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description applied to me by a dear and
intimate friend on my taking the trouble to
display my dexterity before him and his
volunteer company at drill. Again, I am
to "Mind that 'ere pony does not run away
with me!" while the statements that I
have "given that hoss of mine too much
corn;" that I shall "bust up like fireworks
if I don't mind!" are flashes of humour,
giving their utterers acute delight, and
which I hear with great regularity every
time I go out. He who can confer these
simple pleasures on his fellow-man is a
philanthropist; and it is astonishing how your
benevolence increases as your digestion
improves. You laugh at worries which once
seemed crushing, and you become tolerant,
patient, and amiable. You have safely
and surely emancipated yourself from the
penal regimen you dreaded, and can live
like other people and prosecute your work
with impunity. Let others speak of the
utility of the bicycle as a means of locomotion,
of the enormous distances to be traversed
on it, of the vast speed to be attained
by it. My recommendations are based on
sanitary grounds alone, and I maintain it
to be infinitely easier than a strict regimen,
and incomparably more restorative than
tonic, potion, or pill.


"MY dear sir," said Horace Walpole to
Hogarth, when the latter began to hold forth
about his system in painting, "you grow too
wild;—I must take leave of you." Those
who venture to speak of periods in music,
may as well make up their minds, without
self-compassion, or needless irritation, to
be pilloried as pedants by the flippant and
thoughtless. Yet if the past history and
present state of the art (especially as regards
the stage) come to be considered, unless
we have some such references by way of
landmarks, we shall only drift about and not arrive
at any understanding of our pleasure, beyond
that which is involved in idle and aimless sensation.

Let us see what three musical periods of the
past century have comprised; in regard to
such opera composers of France, Italy, and
Germany, as have enjoyed a European reputation.

First period. Beethoven, Cherubini, Spontini,
Weber, Simone Mayer, Zingarelli, Paer,
Rossini, Boieldieu, M. Auber.

Second period. Marschner, Meyerbeer, M.
Auber, Halévy, Hérold, Adolphe Adam,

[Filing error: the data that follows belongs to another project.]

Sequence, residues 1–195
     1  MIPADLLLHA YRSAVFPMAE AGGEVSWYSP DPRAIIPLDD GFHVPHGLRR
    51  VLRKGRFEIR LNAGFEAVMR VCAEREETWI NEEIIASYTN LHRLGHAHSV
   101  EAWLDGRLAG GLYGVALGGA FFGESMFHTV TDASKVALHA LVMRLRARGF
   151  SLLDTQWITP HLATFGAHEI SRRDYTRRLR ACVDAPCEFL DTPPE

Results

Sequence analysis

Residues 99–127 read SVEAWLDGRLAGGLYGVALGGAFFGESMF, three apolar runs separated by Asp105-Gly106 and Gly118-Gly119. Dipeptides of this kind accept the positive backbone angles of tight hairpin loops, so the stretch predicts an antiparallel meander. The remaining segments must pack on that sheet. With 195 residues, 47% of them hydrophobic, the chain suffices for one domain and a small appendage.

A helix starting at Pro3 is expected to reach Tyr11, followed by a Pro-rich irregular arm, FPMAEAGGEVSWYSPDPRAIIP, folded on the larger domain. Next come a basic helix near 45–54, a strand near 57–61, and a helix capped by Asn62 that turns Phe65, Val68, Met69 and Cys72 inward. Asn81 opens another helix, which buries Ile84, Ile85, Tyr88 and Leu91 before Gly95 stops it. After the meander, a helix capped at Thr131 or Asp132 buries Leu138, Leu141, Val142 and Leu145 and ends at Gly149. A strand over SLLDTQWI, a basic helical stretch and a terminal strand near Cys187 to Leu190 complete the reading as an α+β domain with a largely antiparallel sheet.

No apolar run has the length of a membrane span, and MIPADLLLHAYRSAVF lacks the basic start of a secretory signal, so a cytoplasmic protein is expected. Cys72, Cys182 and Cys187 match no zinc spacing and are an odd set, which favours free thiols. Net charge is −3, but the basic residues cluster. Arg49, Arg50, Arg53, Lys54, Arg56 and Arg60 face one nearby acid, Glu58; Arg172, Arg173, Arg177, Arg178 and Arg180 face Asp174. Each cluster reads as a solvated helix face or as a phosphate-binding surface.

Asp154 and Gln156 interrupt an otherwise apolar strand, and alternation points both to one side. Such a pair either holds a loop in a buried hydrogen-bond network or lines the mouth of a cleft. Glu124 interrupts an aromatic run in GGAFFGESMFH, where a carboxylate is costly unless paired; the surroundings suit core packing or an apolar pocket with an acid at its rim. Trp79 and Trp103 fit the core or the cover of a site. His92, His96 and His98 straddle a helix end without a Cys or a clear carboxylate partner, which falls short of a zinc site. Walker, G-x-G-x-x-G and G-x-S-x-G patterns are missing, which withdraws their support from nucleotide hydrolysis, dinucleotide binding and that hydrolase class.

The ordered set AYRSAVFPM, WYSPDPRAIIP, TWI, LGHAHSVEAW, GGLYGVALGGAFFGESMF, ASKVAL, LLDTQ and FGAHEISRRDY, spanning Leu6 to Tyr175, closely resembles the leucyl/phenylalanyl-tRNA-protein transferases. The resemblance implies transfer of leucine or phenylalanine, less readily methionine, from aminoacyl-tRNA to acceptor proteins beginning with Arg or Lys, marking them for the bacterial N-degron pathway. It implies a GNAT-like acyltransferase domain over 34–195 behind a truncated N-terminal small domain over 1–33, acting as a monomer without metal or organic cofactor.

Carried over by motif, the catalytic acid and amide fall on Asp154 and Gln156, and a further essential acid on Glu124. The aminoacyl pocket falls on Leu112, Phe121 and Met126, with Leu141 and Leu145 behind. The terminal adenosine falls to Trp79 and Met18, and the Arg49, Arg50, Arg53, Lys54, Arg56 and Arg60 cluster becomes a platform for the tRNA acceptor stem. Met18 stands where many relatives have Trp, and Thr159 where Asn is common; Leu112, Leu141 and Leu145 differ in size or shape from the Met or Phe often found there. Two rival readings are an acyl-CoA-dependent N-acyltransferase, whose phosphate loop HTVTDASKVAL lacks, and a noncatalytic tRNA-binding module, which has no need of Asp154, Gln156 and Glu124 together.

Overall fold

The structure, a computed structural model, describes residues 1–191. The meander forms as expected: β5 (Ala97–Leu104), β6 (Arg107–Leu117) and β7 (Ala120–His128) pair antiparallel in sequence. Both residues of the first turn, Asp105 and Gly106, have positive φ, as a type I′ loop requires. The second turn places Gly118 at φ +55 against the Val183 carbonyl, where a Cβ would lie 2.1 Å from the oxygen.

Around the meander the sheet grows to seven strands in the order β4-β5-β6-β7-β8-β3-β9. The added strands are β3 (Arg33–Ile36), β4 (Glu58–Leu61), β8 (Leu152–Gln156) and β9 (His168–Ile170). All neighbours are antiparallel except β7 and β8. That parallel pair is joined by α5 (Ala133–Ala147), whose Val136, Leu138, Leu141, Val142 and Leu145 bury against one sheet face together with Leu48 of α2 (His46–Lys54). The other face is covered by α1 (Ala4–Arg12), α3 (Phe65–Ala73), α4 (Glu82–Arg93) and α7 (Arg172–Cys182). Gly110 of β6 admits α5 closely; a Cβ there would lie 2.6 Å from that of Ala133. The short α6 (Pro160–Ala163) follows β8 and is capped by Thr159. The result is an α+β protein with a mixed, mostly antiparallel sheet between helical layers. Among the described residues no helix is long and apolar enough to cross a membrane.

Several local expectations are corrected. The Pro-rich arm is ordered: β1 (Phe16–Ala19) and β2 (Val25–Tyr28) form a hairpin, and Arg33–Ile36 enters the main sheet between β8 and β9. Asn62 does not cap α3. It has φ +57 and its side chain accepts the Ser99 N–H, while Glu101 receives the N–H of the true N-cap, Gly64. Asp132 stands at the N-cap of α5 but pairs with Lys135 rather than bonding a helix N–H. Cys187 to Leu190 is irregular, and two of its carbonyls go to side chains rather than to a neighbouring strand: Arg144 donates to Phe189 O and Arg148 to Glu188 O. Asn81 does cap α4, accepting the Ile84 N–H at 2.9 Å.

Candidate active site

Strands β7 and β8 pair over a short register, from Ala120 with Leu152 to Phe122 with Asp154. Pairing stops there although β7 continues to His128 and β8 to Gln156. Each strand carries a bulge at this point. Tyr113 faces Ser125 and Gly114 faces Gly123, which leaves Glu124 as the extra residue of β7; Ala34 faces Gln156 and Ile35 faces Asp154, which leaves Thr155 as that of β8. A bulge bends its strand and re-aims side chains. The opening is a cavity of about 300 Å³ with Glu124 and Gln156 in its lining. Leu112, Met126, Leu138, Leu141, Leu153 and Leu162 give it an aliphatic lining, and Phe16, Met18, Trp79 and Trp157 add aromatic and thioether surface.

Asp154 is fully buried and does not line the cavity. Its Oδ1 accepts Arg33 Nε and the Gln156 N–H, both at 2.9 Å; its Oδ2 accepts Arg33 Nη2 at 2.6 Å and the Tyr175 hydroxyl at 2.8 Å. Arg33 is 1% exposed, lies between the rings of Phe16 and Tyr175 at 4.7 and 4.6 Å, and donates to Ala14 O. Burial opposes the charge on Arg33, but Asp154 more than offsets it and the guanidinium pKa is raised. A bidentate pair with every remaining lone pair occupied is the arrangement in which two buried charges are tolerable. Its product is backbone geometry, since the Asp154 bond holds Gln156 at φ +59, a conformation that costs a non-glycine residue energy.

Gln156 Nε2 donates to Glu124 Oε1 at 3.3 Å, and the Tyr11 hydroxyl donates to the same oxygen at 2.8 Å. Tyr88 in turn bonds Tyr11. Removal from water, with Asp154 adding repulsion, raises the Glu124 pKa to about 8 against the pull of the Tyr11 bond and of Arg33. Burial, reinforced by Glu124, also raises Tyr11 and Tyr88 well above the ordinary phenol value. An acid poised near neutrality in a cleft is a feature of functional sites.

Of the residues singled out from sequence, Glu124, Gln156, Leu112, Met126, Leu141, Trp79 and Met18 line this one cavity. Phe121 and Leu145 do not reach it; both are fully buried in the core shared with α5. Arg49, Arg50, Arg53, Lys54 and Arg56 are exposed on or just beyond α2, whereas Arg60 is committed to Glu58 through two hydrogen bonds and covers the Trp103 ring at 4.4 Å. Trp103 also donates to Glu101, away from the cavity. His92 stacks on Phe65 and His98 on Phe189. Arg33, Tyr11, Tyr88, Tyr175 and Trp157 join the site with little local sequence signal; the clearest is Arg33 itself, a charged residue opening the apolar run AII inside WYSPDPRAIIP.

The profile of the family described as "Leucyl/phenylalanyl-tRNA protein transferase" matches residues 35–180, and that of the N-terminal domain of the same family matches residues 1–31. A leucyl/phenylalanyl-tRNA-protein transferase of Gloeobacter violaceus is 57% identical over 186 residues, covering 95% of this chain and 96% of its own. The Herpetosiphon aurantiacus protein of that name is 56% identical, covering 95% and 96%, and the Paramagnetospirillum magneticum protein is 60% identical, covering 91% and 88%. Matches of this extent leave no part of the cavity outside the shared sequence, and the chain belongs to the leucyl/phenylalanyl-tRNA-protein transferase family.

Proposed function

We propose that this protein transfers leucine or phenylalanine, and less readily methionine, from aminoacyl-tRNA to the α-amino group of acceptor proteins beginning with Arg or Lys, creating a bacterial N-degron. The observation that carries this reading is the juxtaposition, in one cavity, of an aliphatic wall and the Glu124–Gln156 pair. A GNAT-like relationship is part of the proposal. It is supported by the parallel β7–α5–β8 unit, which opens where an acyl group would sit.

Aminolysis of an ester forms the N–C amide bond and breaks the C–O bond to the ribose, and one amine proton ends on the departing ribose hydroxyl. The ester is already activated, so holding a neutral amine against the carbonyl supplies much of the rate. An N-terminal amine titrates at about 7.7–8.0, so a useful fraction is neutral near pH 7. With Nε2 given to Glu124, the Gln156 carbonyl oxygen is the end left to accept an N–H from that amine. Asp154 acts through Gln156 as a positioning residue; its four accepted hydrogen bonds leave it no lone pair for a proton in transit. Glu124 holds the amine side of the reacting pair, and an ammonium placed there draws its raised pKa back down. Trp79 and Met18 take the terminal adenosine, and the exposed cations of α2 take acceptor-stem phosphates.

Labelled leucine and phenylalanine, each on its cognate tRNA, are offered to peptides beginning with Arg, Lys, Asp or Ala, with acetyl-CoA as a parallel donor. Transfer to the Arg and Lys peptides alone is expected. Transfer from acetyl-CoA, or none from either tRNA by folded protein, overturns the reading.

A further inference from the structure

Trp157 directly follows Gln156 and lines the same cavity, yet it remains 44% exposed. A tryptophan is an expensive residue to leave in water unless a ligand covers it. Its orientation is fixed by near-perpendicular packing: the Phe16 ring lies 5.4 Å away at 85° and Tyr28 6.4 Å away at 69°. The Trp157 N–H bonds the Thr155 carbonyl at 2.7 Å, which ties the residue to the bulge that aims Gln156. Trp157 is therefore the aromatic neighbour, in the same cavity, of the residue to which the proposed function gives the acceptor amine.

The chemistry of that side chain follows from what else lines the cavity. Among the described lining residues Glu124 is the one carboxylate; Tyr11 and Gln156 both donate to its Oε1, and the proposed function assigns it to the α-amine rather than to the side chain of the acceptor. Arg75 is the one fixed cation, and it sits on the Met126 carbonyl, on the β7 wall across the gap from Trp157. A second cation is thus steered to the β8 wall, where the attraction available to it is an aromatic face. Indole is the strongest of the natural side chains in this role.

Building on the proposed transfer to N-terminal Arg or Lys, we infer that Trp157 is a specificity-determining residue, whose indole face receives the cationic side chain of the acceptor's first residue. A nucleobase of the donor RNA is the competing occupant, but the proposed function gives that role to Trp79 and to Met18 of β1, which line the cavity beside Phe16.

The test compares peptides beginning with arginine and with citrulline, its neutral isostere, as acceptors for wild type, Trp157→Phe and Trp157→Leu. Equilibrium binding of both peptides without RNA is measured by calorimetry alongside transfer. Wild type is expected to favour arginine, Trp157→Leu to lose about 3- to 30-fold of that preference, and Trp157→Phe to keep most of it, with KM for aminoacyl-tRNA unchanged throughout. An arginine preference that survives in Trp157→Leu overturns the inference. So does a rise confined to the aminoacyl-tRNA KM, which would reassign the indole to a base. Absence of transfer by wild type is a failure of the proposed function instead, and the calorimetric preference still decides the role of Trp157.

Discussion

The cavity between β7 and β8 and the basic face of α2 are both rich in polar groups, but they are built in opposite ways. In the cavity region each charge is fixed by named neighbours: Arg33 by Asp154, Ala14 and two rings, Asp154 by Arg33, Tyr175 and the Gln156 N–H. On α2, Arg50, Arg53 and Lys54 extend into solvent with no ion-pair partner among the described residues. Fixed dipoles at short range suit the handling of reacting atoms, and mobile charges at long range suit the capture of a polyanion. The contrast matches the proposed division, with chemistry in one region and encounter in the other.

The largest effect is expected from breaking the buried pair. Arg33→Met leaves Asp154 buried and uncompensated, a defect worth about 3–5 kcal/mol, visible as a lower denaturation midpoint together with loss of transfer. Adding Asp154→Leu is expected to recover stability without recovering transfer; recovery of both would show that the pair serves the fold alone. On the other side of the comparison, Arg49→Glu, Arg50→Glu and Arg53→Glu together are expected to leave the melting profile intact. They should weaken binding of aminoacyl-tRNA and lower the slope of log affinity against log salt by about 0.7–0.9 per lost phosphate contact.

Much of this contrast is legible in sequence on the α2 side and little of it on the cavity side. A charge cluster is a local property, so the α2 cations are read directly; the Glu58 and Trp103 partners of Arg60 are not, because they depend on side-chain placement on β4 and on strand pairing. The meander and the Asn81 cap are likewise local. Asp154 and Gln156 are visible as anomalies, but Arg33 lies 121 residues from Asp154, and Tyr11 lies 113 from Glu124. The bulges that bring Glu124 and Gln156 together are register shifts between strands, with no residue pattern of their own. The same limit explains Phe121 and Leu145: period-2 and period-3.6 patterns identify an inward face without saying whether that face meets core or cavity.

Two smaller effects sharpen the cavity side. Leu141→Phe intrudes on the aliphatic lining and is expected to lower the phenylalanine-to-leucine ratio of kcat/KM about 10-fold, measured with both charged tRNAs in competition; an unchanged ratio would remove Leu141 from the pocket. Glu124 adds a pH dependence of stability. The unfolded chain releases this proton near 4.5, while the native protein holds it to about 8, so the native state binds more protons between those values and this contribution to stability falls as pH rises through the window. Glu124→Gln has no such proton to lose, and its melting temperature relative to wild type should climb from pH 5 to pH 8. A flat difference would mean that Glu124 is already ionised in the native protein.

Rossini, Bellini, Mercadante, Donizetti.

Third period. Signor Verdi, M. Auber,
M. Thomas, M. Gounod, M. Felicien David,
M. Offenbach, Herr Wagner.

It is only fair to add that the last half
century has, in Germany, produced a goodly
number of second-class composers, who might
justifiably be matched against those of the
second-rate writers of the last century. But
in France there has been little or nothing
analogoussave the appearance of M. Mermetet,
the author and composer of the already
forgotten Roland. The Hamlet of M. Thomas
(the most ambitious work of late produced
in Paris) lives by favour of the popularity
of its Ophelia, Mademoiselle Nilsson, and
by a carpenter's device in the last act. In
Italy, the brothers Ricci seem to be already
forgotten. So that, so long as M. Gounod
continues silent, or, if speaking, shall prove
unable to put forward another Faust or
Mireille, the composers who may be said,
for better for worse, to excite the greatest
curiosity on the Continent at the time being,
are M. Offenbach and Herr Wagner: the first,
offering a signal example of success won by
licentious frivolity; the second, overawing the
ignorant, the thoughtless, the jaded, and the
rebellious, by the arrogance and obscurity of his
bombast. The phenomenon would be a sad
one, had not the alternate ebb and flow of
creation in music amounted to one of the most
remarkable and special peculiarities of the

M. Offenbach made himself originally known
in London as in Paris, some forty years ago,
as a graceful but not vigorous violoncello-
player, who wrote pleasant music, not merely
for his instrument, but for the voice. Nothing
much more meek, nothing much less marked
than his playing and his music, is in the writer's
recollection. His was the appearance of a
slender talentif there was ever such a thing
a talent which for many after seasons could
make but a languid assertion of its existence
in the concert-rooms and theatres of Europe.
The composer's life was advancing; and such
success as artists love appeared as far distant
as ever, when some demon whispered in the
musician's ear that there was a field yet to be
trodden, because heretofore disdained by any
artist of repute. There had been coarse comic
singers without voices at the cafés, there had
been comic actors of no less value than Verner
and Odry, who could condescend to such
coarse travesties as Madame Gibou and Madame
Pochet; but for an artist of any pretension to
turn their unmanly and unwomanly vulgarities
to account by setting questionable stories to
music which could be eked out by their
unquestionable pranks, was left to the gently
insipid writer under notice, who had been
just, and only just, able to keep his name
before the public. To-day the name commands
Europe, and commands, too, such gains as in
his prime the composer of II Barbiere, II Turco,
Corradino, La Cenerentola, Otello, Le Comte
Ory, Moïse, Guillaume Tell, and many another
serious and sentimental opera, never dreamed of.
The iron age has come; the exchange of mirth